How to write an academic technical textbook


Cengage cover

If you head over to My published books page, you’ll see that I’ve written a large number of textbooks over the years for different publishers, as well as worked as a technical editor for many other titles.

Just this past week, I mentioned to a coworker that I’ve finished submitting the AU1 of the final chapter for my latest textbook Hands-On Windows Server 2019, ISBN: 978-0-357-43615-8 (I’ve revised this blog post in June to include a pic of my first printed copy).

Their response was “That’s great, but what is an AU1?” I’ve written so many textbooks that I take terms like AU1 for granted. In this blog post I’ll share the process used to write an academic technical textbook, and give some tips along the way!

The people:

There are several people involved in the development of an academic textbook, regardless of the publisher. And while different publishers vary in the number and type of these roles, most academic authoring projects involve:

  • The author (or authors if multiple people are creating content).

  • A technical editor (TE). The TE reviews everything that the author creates, verifying technical details to ensure that the content is accurate. This involves verifying technical details online, testing URLs, and ensuring that the content is technically sound.

  • One or more reviewers. Reviewers are often college instructors who teach a course that aligns well with the textbook content. Their main job is to read over the material and identify whether there are areas that they think will be difficult for their students to understand, as well as give their general impressions about content and flow. You can think of reviewers as the private beta testers for a textbook project.

  • A copyeditor (CE). The CE is a content editor that checks for grammatical errors and modifies content according to a style guide (a large set of rules for wording consistency and flow created by the publisher). They also review every sentence to ensure readability and comprehension. If there is a sentence that they do not understand, they will ask for clarity. They also check structural elements for consistency. If a sentence refers to a particular figure, key term or concept, they will check the reference to ensure that it is accurate. Copyeditors transform the content into a beautiful and consistent state.

  • A project manager (PM). The PM sets and modifies the schedule during the project. PMs typically manage several different authoring projects at the same time.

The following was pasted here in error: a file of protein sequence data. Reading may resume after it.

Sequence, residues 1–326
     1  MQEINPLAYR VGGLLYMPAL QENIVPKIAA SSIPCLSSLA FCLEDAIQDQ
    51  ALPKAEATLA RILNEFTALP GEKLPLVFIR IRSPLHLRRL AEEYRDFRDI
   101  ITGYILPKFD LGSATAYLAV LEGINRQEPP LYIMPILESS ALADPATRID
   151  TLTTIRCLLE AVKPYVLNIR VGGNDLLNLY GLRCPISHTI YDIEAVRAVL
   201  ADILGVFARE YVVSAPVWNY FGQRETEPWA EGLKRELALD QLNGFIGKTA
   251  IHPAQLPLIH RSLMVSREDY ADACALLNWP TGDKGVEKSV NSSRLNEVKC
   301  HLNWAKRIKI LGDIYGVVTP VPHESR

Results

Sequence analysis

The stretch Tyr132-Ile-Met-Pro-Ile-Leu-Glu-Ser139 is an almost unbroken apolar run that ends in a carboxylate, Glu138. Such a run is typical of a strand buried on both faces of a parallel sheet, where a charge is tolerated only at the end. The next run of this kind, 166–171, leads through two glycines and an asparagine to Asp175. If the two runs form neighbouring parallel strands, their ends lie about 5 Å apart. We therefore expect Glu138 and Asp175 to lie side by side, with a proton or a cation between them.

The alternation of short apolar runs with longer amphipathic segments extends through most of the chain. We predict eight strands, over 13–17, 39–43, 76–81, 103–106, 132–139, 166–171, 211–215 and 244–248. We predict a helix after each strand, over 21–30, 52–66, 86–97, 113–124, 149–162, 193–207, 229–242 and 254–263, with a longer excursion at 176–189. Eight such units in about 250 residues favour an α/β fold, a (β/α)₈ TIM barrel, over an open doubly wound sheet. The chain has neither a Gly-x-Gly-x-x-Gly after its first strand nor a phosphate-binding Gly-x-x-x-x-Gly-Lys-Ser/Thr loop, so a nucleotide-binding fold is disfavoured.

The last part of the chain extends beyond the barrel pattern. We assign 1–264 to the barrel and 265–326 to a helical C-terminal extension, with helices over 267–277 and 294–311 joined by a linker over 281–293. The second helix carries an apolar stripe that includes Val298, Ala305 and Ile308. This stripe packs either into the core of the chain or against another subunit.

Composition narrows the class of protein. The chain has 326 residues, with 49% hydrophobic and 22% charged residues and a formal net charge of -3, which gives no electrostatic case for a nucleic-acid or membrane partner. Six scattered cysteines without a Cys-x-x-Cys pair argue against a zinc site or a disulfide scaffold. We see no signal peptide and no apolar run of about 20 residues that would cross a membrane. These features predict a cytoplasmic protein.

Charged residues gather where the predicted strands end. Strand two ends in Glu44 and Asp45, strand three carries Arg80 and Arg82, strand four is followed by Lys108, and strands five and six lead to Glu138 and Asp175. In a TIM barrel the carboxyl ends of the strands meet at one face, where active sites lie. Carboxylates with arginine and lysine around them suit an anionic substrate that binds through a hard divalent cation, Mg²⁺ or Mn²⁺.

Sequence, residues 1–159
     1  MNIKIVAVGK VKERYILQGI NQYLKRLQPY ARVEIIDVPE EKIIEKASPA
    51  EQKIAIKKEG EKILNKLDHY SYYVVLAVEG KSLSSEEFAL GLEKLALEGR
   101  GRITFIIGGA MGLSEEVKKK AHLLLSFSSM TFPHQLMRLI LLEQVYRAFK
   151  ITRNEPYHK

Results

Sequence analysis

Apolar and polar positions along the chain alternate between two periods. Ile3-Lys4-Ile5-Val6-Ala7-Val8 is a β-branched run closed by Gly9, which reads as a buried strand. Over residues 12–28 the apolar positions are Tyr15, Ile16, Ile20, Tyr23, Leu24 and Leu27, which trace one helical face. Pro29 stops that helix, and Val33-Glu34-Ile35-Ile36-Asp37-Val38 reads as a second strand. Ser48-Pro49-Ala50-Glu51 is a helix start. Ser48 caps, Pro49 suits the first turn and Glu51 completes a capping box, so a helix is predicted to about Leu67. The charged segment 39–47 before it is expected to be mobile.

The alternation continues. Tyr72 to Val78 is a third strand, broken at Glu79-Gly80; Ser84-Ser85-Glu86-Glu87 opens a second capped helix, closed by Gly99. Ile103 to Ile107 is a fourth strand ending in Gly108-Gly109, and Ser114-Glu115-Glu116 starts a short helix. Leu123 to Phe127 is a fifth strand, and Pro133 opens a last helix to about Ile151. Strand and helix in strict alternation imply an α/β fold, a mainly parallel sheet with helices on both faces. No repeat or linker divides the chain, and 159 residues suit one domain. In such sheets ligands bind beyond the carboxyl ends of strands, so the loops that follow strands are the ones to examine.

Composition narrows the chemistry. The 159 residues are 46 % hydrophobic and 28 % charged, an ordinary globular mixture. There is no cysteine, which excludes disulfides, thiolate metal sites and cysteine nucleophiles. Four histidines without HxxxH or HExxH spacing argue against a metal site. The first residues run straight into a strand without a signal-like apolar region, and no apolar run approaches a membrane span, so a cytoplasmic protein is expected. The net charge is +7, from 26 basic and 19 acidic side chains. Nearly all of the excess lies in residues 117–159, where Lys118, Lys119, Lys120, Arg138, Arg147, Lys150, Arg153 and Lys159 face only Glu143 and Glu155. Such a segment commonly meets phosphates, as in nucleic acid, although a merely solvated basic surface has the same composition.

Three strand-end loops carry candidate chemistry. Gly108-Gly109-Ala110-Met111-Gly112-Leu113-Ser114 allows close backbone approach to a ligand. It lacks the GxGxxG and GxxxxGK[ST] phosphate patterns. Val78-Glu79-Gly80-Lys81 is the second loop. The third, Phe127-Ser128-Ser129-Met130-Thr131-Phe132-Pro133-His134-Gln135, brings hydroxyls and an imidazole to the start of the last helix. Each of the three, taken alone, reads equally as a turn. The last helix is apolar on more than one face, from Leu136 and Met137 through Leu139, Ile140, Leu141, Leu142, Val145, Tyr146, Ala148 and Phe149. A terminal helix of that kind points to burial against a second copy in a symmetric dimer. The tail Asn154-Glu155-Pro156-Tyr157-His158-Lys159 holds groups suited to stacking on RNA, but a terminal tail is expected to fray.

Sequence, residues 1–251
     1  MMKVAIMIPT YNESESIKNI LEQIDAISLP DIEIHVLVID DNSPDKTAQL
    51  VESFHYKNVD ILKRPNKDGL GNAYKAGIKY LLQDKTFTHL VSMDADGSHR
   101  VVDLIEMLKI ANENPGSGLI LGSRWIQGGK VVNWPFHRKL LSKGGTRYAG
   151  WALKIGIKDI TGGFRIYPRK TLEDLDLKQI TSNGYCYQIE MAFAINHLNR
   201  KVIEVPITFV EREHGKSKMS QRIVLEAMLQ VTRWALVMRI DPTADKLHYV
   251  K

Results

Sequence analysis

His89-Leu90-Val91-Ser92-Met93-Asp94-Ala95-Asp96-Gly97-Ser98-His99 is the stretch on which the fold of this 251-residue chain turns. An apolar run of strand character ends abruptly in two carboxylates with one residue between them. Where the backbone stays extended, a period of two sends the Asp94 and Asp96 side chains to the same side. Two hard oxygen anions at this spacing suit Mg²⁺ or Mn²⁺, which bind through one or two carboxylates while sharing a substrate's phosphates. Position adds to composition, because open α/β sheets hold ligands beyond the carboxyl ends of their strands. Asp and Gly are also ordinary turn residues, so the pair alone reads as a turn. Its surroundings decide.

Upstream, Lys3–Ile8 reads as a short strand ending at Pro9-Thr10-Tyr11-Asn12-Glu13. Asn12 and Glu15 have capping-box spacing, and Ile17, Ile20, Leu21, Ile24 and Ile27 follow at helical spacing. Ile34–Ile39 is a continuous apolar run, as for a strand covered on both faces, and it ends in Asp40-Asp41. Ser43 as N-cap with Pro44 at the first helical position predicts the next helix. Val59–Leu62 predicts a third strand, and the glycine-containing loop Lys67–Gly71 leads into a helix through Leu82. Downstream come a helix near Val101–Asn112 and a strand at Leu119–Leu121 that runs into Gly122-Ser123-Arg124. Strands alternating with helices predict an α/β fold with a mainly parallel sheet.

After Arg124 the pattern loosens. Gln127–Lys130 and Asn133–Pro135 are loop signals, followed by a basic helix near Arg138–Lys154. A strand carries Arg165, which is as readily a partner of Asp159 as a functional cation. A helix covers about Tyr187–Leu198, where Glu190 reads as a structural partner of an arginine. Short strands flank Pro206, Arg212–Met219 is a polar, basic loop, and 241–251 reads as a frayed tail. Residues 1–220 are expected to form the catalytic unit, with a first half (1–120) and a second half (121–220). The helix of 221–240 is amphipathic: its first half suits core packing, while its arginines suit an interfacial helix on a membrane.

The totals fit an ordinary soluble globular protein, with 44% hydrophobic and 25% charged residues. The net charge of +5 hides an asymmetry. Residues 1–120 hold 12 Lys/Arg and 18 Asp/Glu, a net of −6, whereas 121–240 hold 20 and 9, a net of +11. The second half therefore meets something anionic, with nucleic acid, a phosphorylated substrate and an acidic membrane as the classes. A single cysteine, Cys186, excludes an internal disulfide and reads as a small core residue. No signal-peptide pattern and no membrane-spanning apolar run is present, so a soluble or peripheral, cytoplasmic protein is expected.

• A developmental editor (DE). The DE is the central point of contact for all other people in the project (PM, CE, reviewers, TE and author). They distribute files as necessary and provide the communication that keeps everyone updated and on track. They also edit content for structure, flow and consistency before distributing it to others. DEs are often experienced or senior editors that have the background needed to oversee an authoring project. You can think of DEs as the movie directors for a textbook project.

The process:

The steps involved in authoring a textbook are listed below. Each step is given a deadline for completion by the PM in the project schedule:

  1. Chapters are submitted by the author to the DE. This submission is called an Author 1st (AU1) and is often a Microsoft Word document and supporting figure files.

  2. The DE sends the AU1 to the TE and reviewers.

  3. After reading through the chapter, the TE and reviewers add their comments to the chapter (using the Comments feature of Microsoft Word) and send it back to the DE.

  4. The DE combines all TE and reviewer comments into a single chapter document and edits it for flow and consistency before sending it back to the author.

  5. The author responds to all TE and reviewer comments, making associated changes (if necessary) before sending it back to the DE as an Author 2nd (AU2).

  6. The DE sends the AU2 to the CE, who performs an in-depth edit of the content (using the Track Changes feature of Microsoft Word). The CE also adds comments for sentences that need clarification (using the Comments feature of Microsoft Word) before sending the chapter back to the DE.